I’m sitting on my back patio, facing the farmer’s field. I get to be in the shade in the early afternoon and my lawn sprinkler is waving its way across the lawn. All is well.
Tiny corns are starting their summer’s journey and the traffic on Belmont Road to my left is carrying souls to their destinations. Way in the distance, past the trees at the end of the field, Harrietsville Drive stretches left and right. My friend Barry’s barn pokes above the leaves. A weathered barn and a probably unused silo say hi off to the right. When I first moved in, verging on two years ago, I was disappointed that there were roads and traffic and buildings out back. Not any more. Now there are friends out there, some stationary and some moving, reminding me that we are part of a very large family.
And there are birds. When I got home from my long meditation retreat last December, I was also disappointed that the builder had planted deciduous trees every twenty metres or so along the back edge of our separate condo homes. “They’ll wreck my view.” How silly my brain can be. Those trees are now twelve feet high and love fluttering in the breeze. My view is still supreme. And there are birds sitting on the branches.
My two bird feeders are about two metres away from my loveseat, slightly to the left. As I tap away, a couple of brave souls hang off the sides, rooting out the seeds. Oops … now they’re gone. But how marvelous that they came to visit this up close human being. Sometimes the moments of bliss are so fleeting but I thank God that they happen.
I think I’ll pause the writing and see if any feathered ones return to their food.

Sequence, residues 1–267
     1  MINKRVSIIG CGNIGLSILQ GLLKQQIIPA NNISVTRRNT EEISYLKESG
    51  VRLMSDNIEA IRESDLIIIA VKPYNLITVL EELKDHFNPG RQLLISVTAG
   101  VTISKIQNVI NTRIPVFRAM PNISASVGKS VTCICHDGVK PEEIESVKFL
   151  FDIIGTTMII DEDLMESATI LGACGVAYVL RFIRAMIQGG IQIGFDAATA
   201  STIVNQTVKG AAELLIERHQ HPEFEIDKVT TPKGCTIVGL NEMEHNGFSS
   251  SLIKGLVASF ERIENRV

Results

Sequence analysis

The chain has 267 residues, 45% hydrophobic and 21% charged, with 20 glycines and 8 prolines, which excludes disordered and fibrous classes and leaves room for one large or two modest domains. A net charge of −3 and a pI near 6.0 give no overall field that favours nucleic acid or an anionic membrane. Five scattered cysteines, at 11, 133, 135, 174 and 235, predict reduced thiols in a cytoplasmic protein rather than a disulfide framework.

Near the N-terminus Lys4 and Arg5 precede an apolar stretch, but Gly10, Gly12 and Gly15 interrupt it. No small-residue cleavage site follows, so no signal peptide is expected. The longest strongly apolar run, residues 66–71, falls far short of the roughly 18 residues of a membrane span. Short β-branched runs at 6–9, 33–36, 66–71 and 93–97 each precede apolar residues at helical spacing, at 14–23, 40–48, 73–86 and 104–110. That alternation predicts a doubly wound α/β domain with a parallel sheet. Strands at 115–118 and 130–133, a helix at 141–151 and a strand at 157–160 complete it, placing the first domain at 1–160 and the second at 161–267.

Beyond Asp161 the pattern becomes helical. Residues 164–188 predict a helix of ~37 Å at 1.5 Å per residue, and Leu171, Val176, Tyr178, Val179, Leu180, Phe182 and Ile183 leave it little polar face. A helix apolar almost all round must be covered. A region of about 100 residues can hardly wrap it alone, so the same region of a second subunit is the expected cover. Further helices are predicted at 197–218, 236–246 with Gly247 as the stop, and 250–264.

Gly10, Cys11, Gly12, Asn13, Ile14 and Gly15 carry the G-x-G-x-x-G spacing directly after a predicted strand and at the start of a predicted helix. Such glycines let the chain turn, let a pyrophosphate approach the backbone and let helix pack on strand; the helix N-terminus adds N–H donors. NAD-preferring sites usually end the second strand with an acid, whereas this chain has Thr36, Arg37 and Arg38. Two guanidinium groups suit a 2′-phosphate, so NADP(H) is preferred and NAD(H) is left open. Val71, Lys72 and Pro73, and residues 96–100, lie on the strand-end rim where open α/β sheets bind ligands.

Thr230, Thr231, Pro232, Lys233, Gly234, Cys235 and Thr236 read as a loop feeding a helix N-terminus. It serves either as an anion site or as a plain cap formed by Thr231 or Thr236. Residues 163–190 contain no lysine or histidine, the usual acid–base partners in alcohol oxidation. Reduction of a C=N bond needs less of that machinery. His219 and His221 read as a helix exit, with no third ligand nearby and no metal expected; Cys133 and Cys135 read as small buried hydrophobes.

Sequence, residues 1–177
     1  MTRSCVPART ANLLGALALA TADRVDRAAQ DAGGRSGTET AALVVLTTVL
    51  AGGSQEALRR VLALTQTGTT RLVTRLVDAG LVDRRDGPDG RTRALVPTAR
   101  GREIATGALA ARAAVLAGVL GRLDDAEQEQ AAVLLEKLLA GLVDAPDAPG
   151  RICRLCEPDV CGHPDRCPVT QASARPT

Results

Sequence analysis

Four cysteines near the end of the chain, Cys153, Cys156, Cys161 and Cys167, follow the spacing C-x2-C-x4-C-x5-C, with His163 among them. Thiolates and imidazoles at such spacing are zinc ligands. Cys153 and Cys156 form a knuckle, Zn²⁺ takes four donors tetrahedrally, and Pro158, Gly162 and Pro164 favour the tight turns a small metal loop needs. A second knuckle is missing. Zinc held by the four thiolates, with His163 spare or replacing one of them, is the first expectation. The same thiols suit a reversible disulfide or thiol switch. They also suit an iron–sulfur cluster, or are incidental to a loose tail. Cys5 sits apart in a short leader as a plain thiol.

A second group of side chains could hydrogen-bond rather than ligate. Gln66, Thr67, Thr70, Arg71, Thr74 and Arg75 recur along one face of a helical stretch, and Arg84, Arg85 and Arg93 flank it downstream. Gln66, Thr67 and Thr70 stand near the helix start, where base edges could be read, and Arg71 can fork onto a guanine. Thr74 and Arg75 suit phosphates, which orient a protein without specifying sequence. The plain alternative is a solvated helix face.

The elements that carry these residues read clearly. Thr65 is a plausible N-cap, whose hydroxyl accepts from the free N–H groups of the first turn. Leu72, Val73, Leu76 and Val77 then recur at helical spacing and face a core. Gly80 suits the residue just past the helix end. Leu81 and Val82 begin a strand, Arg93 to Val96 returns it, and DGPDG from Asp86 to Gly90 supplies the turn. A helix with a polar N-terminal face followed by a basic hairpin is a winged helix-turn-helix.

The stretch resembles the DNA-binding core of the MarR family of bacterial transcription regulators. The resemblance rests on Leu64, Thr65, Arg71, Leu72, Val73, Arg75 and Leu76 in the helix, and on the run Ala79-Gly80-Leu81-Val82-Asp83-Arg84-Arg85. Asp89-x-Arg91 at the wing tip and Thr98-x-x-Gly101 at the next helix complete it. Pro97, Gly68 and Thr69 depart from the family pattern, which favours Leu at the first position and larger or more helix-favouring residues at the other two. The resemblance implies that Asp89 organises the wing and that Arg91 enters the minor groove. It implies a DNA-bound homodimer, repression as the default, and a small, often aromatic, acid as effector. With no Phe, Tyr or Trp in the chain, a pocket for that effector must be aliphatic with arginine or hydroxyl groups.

Five minutes later. One male goldfinch (brilliant yellow!) sits on the tree beyond, sizing me up. Now he flutters to the feeder pole. Now he descends to the sunflower seed sanctuary. I worry that my tiny typing will scare him away – but no – he’s still there, craning his neck to get a better view of me. At least five other birdies are zooming around but so far he’s the only brave one. Pretty special to make a new friend from a distance of two metres. May I always be a benign human.
Three metres straight ahead, at the edge of my patio, sits an 18-inch statue of the Buddha. He’s in full lotus position, something I can’t do (but who cares?) and his hands touch. His eyes descend. Mr. Buddha is simply here, and now, and he’s silently cheering me on. Smart guy, Mr. Buddha, up there with Jesus in figuring out what leads to happiness. Right now he doesn’t have much to say. Just sitting will do fine.
A few minutes ago, I noticed two flutterbys in the grass – one large and grey, one itsy bitsy and white. But now they’re gone too. That’s all right. I trust they’ll be back, just like I trust moments of transcendence will return in their own sweet time.
Did I mention that all is well?